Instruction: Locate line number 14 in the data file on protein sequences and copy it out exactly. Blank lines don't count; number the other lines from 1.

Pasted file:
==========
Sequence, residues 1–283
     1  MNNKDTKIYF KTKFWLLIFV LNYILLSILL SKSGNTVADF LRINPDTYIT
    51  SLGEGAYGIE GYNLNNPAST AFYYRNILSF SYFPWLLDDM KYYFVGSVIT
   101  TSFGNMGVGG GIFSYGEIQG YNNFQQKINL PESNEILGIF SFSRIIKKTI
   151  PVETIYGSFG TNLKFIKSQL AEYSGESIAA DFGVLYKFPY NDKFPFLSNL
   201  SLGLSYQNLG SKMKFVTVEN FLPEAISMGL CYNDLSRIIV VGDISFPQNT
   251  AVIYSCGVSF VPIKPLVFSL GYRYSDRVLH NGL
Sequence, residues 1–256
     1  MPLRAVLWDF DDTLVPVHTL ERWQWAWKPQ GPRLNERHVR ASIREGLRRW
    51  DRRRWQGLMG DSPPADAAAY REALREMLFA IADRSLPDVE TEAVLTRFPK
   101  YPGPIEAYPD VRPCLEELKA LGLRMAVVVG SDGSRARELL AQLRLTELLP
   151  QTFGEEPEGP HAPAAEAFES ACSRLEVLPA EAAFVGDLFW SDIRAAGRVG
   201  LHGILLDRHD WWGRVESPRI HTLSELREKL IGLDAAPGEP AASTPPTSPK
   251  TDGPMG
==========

   251  TDGPMG